Parties to arbitrations seated in both London and Singapore can also, if necessary, rely on an effective court system experienced in, knowledgeable and supportive of international arbitration. In both jurisdictions there are many decisions which show that the courts will strive to uphold arbitration agreements, enforce foreign awards and express a public policy that the decision of contracting parties to arbitrate their disputes should be upheld and given effect except in the most extreme situations.
Singapore is constantly evolving in order to ensure that it remains at the forefront as an arbitration friendly jurisdiction. For example:
- It has made regular amendments to the Singapore International Arbitration Act, including in 2012, 2016, 2019 and 2020. The most recent amendments which came into force on 7 December 2020 include provisions addressing:
- a default procedure for appointment of arbitrators in multi-party arbitrations; and
- express recognition of a tribunal and the Singapore High Court’s power to enforce confidentiality obligations.
- In 2018 the Singapore International Commercial Court (SICC) was empowered to hear cases related to international arbitration and has heard a number of such cases.
The UK’s departure from the EU is unlikely to impact its status as an arbitration friendly jurisdiction. If anything, it may improve the UK’s position because it will likely allow scope for the courts to issue anti suit injunctions when litigation is commenced in an EU jurisdiction in breach of an arbitration agreement.
As a result, there is little to choose between the two jurisdictions in which an LCIA or SIAC arbitration may be seated and this is unlikely to be a determining factor in selecting one over the other.
Rights of Appeal
This is one issue where there is a clear difference between Singapore law and English law. However, in the context of LCIA Arbitration, it is unlikely to be a material factor for the reasons explained below.
Under English law, a party to arbitration proceedings may, unless otherwise agreed by the parties and with leave of the court, appeal to court on a question of law arising out of an award made in the arbitration proceedings (section 69, Arbitration Act 1996).
No similar right exists under Singapore’s International Arbitration Act. Therefore, in England, a losing party in an arbitration potentially has another opportunity to put its case if it doesn’t agree with the tribunal on a point of law.
However, the LCIA Rules expressly exclude this right to appeal to court, so this is not an important factor of difference between LCIA and SIAC. That said, for arbitrations seated in London and conducted under other rules or ad hoc, it may be a relevant factor.
Differences between the LCIA an SIAC Rules of Arbitration
The rules of arbitration of the respective arbitral bodies may be a relevant factor in deciding which arbitral body to use, though recently the differences between the LCIA and SIAC Rules have been reduced. For example, the LCIA published an update to its Rules which came into force in October 2020 which addressed a number of issues that were already covered in previous updates to the SIAC Rules and aligns them more closely (e.g. issues in connection with consolidation of claims and early determination of claims).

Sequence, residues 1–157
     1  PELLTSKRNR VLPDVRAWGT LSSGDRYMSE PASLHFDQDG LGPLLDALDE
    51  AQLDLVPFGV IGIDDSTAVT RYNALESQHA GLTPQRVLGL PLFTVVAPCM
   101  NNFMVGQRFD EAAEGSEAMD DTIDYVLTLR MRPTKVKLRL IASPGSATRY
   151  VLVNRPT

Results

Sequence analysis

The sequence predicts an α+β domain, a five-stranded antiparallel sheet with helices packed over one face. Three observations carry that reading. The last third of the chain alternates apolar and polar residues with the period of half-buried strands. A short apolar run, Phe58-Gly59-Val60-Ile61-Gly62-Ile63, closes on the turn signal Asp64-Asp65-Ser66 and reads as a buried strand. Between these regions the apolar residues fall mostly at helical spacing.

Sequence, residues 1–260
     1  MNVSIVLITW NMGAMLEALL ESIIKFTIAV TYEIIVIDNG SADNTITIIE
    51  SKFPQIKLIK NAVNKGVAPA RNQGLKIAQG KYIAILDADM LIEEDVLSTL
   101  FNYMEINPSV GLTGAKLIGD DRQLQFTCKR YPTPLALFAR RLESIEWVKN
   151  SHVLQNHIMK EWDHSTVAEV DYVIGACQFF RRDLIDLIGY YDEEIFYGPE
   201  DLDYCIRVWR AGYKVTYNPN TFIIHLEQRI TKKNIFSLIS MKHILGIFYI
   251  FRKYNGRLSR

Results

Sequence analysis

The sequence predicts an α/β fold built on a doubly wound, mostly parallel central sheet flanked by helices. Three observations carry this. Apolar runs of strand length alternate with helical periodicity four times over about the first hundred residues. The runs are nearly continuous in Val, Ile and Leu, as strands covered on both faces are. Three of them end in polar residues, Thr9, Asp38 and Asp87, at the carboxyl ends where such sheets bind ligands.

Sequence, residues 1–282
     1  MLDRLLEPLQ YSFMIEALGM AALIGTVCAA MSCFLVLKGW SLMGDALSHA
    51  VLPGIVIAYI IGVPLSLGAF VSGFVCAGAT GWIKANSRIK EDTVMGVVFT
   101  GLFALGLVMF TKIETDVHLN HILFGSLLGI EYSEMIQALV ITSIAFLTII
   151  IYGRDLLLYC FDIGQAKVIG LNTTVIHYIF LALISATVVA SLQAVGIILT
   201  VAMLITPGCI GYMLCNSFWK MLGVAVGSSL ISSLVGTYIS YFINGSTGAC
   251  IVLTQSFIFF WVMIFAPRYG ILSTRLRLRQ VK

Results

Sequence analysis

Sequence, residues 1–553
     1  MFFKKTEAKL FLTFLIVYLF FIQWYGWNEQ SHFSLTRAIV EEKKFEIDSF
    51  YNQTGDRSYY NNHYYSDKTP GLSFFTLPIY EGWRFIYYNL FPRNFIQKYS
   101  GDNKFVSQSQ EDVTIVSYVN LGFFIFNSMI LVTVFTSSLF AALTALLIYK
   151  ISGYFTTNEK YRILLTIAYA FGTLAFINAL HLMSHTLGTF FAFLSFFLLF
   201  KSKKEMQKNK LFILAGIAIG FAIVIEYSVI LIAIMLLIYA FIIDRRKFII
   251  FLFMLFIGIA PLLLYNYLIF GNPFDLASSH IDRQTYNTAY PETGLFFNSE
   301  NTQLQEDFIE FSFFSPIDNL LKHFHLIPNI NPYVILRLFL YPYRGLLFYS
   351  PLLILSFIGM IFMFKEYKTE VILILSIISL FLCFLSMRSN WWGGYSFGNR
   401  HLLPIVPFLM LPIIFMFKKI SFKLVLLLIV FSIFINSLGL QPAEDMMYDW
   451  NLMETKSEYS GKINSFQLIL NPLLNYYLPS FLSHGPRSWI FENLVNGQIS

Notwithstanding the above, minor differences certainly remain between the LCIA and SIAC Rules. See for example the points outlined in section 2, (Speed: How quickly can you get your Award?) above, including the availability of the expedited procedure under SIAC. However, given the recent updates in most cases the differences between the rules are unlikely to be a significant factor in selecting one arbitral body over the other.
We note that SIAC are currently reviewing their Rules, which they do on a regular basis, and plans to publish a new version of its Rules in the third quarter of 2021. We will provide a further update on the new changes once published.
In addition to the factors outlined above, there may of course be other factors specific to particular parties that are relevant to the choice of arbitral venue. For example, the location of the parties and key witnesses or a desire to have the perception of a neutral venue where neither of the parties is located will often be key considerations in a particular case.
If these additional factors that are specific to the parties do not weigh heavily in favour of a particular arbitration venue, our conclusion from the issues discussed in this article is that a lot of the factors are relatively equal between the LCIA and SIAC. However, in terms of cost and speed to get your arbitration award there are slight differences and, based on the available published information, Singapore appear to have the edge in terms of both cost and speed. That said, both venues obviously offer excellent options for the conduct of international arbitration disputes.
About the Author
Simon Jones is a Partner of Mercatis Law Asia LLP and has over 16 years’ experience handling disputes and international arbitrations in the energy and commodities sectors.
Please call him on +65 8922 6192 or click here to email him to discuss anything contained in this Client Alert or any other related queries.
The information contained in this Client Alert is intended to be a general guide only and not to be comprehensive, nor to provide legal advice. You should not rely on the information contained in this Client Alert as if it were legal or other professional advice.
© Mercatis Law Asia LLP 2021. All rights reserved